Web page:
Herbert Weir Smyth [n.d.], A Greek Grammar for Colleges; Machine readable text [info] [word count] [Smyth].
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The nominative is the case of the subject; the oblique cases, with the exception of the adnominal genitive ( cross1290 ff.) and adnominal dative ( cross1502), are complements of the predicate.


The nominative is the case of the subject of a finite verb and of a predicate noun in agreement with the subject. Πρόξενος παρῆν Proxenus was present X. A. 1.2.3, Κλέαρχος φυγὰς ἦν Clearchus was an exile 1. 1. 9.

a. On the nominative subject of the infinitive, see cross1973; in exclamations, 1288.


Independent Nominative.—The nominative may be used independently in citing the names of persons and things: προσείληφε τὴν τῶν πονηρῶν κοινὴν ἐπωνυμία_ν συ_κοφάντης he received the common appellation of the vile, i.e. ‘informerAes. 2.99, τὸ δ' ὑ_μεῖς ὅταν λέγω, λέγω τὴν πόλιν when I say You, I mean the State D. 18.88. Cp. cross908. (The accus. is also possible.) So in lists (cp. cross904 c): τίθημι δύο ποιητικῆς εἴδη· θεία_ μὲν καὶ ἀνθρωπίνη I assume two kinds of poetry: the divine and the human P. Soph. 266d.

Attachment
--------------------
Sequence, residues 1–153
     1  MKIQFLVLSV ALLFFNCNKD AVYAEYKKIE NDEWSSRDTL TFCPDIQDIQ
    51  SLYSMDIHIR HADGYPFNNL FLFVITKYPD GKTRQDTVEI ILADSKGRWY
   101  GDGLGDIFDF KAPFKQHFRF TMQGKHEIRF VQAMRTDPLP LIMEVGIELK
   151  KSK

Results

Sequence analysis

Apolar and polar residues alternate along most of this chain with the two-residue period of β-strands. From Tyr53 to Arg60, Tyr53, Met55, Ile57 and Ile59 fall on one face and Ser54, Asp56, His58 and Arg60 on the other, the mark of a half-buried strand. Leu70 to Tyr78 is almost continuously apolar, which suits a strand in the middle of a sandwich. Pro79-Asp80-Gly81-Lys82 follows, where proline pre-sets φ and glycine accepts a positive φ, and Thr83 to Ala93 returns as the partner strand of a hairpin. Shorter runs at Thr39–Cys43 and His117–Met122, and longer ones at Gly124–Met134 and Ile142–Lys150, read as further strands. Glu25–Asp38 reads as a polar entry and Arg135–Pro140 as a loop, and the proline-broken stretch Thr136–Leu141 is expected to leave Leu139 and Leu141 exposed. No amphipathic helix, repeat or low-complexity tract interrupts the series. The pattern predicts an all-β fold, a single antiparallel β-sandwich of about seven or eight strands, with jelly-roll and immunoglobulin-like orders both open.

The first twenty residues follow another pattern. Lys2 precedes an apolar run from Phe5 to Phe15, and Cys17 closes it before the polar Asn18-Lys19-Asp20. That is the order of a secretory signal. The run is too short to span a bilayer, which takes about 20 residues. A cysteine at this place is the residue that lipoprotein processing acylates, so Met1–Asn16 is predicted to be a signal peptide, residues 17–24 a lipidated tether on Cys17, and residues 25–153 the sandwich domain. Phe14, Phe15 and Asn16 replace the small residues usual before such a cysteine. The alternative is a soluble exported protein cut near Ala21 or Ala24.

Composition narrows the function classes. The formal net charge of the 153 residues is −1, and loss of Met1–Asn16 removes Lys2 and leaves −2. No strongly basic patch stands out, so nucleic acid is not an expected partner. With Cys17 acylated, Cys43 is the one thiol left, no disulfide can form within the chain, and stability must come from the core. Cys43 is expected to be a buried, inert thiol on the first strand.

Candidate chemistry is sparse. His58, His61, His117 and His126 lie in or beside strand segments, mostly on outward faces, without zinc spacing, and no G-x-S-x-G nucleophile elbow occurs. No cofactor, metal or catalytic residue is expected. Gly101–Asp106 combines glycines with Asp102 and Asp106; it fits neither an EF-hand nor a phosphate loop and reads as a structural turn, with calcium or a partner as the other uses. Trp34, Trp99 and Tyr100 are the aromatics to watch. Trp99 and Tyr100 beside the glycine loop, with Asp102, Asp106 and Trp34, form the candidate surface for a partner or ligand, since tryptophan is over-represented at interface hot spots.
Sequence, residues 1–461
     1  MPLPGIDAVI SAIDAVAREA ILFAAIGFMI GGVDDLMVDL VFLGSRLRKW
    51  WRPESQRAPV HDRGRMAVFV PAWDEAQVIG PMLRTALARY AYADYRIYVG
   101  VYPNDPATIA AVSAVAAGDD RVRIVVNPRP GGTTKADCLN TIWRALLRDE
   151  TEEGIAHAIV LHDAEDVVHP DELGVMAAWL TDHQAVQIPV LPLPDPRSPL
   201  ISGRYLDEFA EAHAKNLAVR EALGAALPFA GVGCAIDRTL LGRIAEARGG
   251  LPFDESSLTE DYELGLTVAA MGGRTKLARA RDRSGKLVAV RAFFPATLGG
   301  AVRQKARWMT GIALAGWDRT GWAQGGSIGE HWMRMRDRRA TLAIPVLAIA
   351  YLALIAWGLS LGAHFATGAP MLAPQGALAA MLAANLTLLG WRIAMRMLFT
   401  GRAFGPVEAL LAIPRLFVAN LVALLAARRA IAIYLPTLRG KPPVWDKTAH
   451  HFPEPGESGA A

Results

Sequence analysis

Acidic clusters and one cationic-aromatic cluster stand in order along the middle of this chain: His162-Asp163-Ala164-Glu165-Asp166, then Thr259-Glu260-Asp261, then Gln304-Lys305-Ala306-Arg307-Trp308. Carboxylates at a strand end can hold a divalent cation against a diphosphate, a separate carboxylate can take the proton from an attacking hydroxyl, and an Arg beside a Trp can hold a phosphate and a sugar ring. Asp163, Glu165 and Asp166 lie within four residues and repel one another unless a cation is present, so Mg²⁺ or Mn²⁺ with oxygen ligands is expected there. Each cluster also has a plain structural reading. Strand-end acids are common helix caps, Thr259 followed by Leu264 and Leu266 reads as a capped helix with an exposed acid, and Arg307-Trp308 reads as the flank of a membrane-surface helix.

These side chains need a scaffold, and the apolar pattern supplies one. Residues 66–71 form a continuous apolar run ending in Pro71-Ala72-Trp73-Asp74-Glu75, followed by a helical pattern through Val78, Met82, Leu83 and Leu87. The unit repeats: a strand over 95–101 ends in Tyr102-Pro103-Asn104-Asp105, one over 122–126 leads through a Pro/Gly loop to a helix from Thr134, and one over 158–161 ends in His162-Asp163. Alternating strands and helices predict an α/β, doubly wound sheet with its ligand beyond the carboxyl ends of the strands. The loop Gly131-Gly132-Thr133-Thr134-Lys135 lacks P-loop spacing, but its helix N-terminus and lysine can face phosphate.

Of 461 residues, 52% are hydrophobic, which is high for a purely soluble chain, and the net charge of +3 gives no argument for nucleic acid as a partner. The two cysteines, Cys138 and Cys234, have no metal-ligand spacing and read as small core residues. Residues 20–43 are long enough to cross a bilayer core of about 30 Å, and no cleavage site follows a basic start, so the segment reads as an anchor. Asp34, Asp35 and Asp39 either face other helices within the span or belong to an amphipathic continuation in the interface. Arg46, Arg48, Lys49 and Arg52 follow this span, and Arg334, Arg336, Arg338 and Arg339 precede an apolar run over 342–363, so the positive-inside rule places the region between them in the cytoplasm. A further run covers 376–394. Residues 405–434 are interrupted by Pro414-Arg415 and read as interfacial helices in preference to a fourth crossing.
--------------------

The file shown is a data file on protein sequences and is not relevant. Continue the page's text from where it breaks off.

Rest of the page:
A sentence may begin with the nominative as the subject of the thought in place of an oblique case: οἱ δὲ φίλοι, ἄ_ν τις ἐπίστηται αὐτοῖς χρῆσθαι, τί φήσομεν αὐτοὺς εἶναι; but as for friends, if one knows how to treat them, what shall we call them? X. O. 1.14 (for τοὺς δὲ φίλους . . . τί φήσομεν εἶναι).

a. On the nominative in suspense see under Anacoluthon (Index).


In referring to himself in letters a man may use his own name in the nominative, either in apposition to the first person contained in the verb ( cross976), or as subject of a verb in the third person: Θεμιστοκλῆς ἥκω παρὰ σέ I, Themistocles, have come to you T. 1.137, Ἀρταξέρξης νομίζει Artaxerxes thinks X. H. 5.1.31.

a. A speaker referring to himself in the third person usually soon reverts to the first person (D. 18.79).


When there is no danger of obscurity, the subject may shift without warning: μίαν μὲν ναῦν λαμβάνουσιν, τὰ_ς δ' ἄλλα_ς οὐκ ἐδυνήθησαν, ἀλλ' ἀποφεύγουσιν they captured one ship; the rest they were unable to capture; but they (the ships) escaped T. 7.25, τῶν νόμων αὐτῶν ἀκούετε τί κελεύουσι καὶ τί παραβεβήκα_σιν hear what the laws themselves command and what transgressions they (my opponents) have committed D. 59.115.

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Herbert Weir Smyth [n.d.], A Greek Grammar for Colleges; Machine readable text [info] [word count] [Smyth].
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